Sunday, December 2, 2012

Scuba Diving Physics: Why people suffering from hearing loss cannot dive?



Written by Xinke Liu

Ever since Jacques-Yves Cousteau made the Great Blue Hole of Belize famous in 1971, this amazing wonder has lured thousands of scuba diving fans to explore it. The Great Blue Hole is said to be the largest blue hole in the world and has a perfect circular shape. This site is a great place to have a prehistoric journey to see remnants preserved from millions of years ago. You will have fascinating experience of swimming with SHARKS and freaky fish in the crystal clear water!!!! Myths say that the charming blue in the Great Blue Hole entices some divers to stay there FOREVER…. FOREVER…FOREVER…

Sadly, people suffering from ear diseases and hearing loss like me cannot dive. What’s keeping us away from this fascinating activity? One reason is that some of them may also have problem in balance that is controlled by the vestibular system in inner ear. But the major reason is, not surprisingly, pressure.

The Great Blue Hole is 412 feet deep. Most divers dive down to between 110 and 130 feet. How much pressure does the water exert on the eardrum when people are 130 feet deep into the sea?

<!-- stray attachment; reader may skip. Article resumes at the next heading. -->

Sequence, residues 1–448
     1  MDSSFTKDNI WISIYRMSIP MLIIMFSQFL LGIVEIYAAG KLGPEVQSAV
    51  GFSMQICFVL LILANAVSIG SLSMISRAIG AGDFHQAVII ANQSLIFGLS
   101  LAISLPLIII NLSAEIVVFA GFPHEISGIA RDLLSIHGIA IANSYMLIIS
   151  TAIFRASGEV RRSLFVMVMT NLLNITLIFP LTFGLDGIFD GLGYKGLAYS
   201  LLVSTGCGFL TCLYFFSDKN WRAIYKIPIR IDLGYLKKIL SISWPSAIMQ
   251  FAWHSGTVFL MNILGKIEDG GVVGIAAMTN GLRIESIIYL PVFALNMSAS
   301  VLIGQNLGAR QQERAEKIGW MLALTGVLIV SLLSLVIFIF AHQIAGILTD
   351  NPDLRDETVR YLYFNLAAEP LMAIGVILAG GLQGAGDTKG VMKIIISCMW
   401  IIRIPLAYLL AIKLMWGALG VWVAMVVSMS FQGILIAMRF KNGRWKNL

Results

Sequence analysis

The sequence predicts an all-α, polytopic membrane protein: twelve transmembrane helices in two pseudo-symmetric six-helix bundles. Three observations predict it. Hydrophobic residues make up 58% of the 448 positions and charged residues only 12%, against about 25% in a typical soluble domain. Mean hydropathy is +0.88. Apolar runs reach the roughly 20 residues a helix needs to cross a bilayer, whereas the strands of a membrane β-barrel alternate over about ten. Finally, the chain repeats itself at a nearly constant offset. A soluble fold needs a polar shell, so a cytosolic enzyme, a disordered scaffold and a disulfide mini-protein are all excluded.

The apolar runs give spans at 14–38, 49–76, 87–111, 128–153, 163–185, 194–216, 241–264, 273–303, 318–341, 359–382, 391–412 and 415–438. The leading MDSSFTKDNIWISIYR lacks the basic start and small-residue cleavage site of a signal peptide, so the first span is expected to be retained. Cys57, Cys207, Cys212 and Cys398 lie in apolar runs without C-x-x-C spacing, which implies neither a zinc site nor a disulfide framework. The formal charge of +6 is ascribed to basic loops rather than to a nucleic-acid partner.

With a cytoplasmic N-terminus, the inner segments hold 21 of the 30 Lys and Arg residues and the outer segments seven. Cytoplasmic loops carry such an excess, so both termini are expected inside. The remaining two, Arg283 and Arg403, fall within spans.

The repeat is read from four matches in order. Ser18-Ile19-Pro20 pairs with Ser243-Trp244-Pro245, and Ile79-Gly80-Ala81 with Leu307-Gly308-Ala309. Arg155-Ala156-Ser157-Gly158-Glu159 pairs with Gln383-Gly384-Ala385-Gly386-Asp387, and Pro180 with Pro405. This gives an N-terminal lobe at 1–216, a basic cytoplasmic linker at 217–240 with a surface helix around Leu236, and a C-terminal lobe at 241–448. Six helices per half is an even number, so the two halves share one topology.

The pressure P due to the weight of liquid is:

P = pgh.

We need to find out the density (p) for the water in the Great Blue Hole since density of seawater varies due to temperature, pressure, and salinity. Since the salinity of the seawater in the Great Blue hole is not as unusal as that of the seawater in Dead Sea, we would take the average value of density of surface surface seawater that is 1.025 *103  kg·m3.

130 feet  39.6m.

g = 9.8 m/s2.

P = (1.025 *103  kg·m3) * (9.8 m/s2) *(39.6m)  397782 N/m2.

≈ 3.98*105 Pa.

1 atm = 1.013 ×105 Pa.

P/ 1 atm = (3.98*105 Pa) / 1.013 ×105 Pa  3.9 atm .

When people are 130 feet down in the Great Deep Hole, the water exerts 3.9 atm of pressure on the eardrum, almost 4 times of the average atm level on sea level. And this could be a disaster to people with hearing problem. And when diving, eardrum is in direct contact with the water.     


Some people may wonder why not divers just use earplugs to protect eardrum. However, in fact, earplugs are not recommended when diving. The graph below shows that fluids exert pressure on object from every direction. This means the seawater would push the earplug inside the ear.     

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